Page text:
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Study Suggests rTMS Can Cure Depression

By July 26, 2013July 16th, 2019Uncategorized

According to information from a new study, most patients being treated with repetitive Transcranial Magnetic Stimulation (rTMS) for their treatment-resistant depression saw a complete remission of their symptoms. Data for the study were collected from the first “real-world” treatment audit and were presented at The Royal College of Psychiatrists’ International Congress 2013 in Edinburgh.

The study found that 60 percent of the patients experienced the complete remission of their depression symptoms, which is in line with the earlier reports in American and Canadian treatment centers. Results from the “real-world” audit, which treated UK patients with rTMS at the London Psychiatry Centre, found that out of 10 patients, six of them saw a complete remission of anxiety and depression by the time the treatment ended.

“These data reinforce the body of existing worldwide evidence for rTMS and its proven ability to treat depressed patients who have not responded to drug treatment and/or therapy,” Dr. Rafael Euba, Consultant Psychiatrist at the Centre, said.

rTMS is a virtually painless and non-invasive way to stimulate the brain using an electromagnetic induction procedure with an insulated coil that is put on the scalp. The rTMS treatment is licensed in the UK for treating adults with depression. The FDA approved rTMS for use as a depression treatment when drugs like Paxil or Effexor aren’t working. There are no side effects with this type of treatment — something that drug manufacturers certainly can’t say.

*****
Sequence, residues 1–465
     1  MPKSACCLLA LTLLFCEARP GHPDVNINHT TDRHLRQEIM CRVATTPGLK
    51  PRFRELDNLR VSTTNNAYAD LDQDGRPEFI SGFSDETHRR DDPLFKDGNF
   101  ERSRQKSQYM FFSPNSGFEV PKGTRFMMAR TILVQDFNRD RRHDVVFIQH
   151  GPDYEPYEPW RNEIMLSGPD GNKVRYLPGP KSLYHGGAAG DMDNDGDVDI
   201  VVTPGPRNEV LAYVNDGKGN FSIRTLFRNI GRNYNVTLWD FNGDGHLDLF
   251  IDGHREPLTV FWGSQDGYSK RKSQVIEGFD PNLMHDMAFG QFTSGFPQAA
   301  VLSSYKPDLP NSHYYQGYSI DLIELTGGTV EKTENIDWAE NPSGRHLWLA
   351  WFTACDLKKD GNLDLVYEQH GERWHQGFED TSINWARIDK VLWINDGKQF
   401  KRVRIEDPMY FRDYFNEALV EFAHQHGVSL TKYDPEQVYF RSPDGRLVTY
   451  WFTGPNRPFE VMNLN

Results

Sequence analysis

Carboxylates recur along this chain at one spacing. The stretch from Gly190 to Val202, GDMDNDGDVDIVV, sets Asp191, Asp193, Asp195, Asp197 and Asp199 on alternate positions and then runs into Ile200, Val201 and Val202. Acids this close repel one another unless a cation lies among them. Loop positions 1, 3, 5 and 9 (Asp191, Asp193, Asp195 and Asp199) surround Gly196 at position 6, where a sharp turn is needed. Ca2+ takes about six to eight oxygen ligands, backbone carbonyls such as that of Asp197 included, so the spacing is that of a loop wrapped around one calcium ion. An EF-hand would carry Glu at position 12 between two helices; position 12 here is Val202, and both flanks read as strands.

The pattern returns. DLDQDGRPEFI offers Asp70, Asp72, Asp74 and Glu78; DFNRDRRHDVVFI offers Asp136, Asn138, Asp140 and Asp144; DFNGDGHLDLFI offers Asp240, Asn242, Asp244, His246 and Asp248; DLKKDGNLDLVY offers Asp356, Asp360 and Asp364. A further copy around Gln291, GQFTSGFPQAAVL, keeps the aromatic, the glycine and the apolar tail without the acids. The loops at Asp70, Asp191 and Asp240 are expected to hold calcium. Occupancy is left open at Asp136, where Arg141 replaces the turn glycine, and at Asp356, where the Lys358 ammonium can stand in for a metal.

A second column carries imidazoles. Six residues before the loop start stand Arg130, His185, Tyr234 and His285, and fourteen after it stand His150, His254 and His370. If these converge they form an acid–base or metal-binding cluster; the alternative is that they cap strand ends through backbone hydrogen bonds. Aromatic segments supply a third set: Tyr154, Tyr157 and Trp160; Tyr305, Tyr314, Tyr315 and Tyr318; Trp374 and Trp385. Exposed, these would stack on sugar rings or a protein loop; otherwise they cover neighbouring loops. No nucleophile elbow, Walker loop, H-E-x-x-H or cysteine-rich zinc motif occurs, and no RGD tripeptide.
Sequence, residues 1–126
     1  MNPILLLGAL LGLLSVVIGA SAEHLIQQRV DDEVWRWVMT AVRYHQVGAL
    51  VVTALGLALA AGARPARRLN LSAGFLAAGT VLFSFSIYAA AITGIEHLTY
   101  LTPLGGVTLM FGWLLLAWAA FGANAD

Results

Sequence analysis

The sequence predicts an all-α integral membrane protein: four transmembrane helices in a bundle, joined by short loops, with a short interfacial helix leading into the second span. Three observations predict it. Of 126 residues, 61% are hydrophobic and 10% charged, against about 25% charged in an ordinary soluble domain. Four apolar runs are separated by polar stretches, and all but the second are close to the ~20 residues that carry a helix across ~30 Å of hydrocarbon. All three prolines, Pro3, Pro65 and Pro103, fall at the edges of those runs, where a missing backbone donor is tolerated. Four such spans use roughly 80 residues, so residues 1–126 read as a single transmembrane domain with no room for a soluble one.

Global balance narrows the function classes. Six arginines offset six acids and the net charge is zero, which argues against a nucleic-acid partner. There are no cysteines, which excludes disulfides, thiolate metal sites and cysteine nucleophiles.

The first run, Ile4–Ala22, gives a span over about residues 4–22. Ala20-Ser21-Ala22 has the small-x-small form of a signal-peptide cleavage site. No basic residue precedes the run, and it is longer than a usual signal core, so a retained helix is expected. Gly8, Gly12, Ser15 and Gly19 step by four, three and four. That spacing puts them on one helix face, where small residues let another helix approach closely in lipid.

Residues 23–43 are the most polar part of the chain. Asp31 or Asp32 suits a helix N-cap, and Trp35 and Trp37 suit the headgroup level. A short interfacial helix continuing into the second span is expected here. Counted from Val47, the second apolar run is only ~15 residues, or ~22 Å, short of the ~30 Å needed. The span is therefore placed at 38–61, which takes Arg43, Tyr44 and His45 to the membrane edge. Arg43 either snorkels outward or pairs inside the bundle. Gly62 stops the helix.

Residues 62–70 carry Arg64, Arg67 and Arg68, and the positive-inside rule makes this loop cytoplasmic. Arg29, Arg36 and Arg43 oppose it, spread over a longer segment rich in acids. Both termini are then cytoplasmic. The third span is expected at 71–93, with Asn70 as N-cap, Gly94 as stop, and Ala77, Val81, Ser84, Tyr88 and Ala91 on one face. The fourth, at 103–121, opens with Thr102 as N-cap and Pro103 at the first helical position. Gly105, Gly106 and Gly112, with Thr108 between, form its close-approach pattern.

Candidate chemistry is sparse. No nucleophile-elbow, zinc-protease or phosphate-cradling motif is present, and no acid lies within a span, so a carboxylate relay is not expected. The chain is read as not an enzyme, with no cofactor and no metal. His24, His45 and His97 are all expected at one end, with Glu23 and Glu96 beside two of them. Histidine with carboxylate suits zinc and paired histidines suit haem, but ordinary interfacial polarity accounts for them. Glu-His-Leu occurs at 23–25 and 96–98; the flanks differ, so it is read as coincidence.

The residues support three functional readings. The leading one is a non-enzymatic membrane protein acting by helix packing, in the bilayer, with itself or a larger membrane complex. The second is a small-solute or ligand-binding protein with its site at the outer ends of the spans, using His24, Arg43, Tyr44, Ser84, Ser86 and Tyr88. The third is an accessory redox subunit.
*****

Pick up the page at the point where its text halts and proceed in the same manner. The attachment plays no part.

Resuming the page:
As for patient responses, one patient who had the rTMS treatment for a week says, “The treatment shifted the way I approach problems and almost blocks my negative way of thinking. I feel like the person I used to be 30 years ago! I’ve got my brain back!”

Depression is a condition that affects millions of people worldwide. The condition is often treated with antidepressant drugs like Paxil or Effexor. Paxil and Effexor have been known to cause patients to suffer from violent and suicidal thoughts and behavior as well as lead to birth defects in babies born to mothers who take the pills while pregnant. The birth defects linked to Paxil and Effexor use include PPHN, spina bifida, neural tube defects, oral clefts and heart, lung and brain defects. Should the rTMS treatment prove to work, they may completely replace drugs all together. That would be a groundbreaking development to sufferers all over the world.

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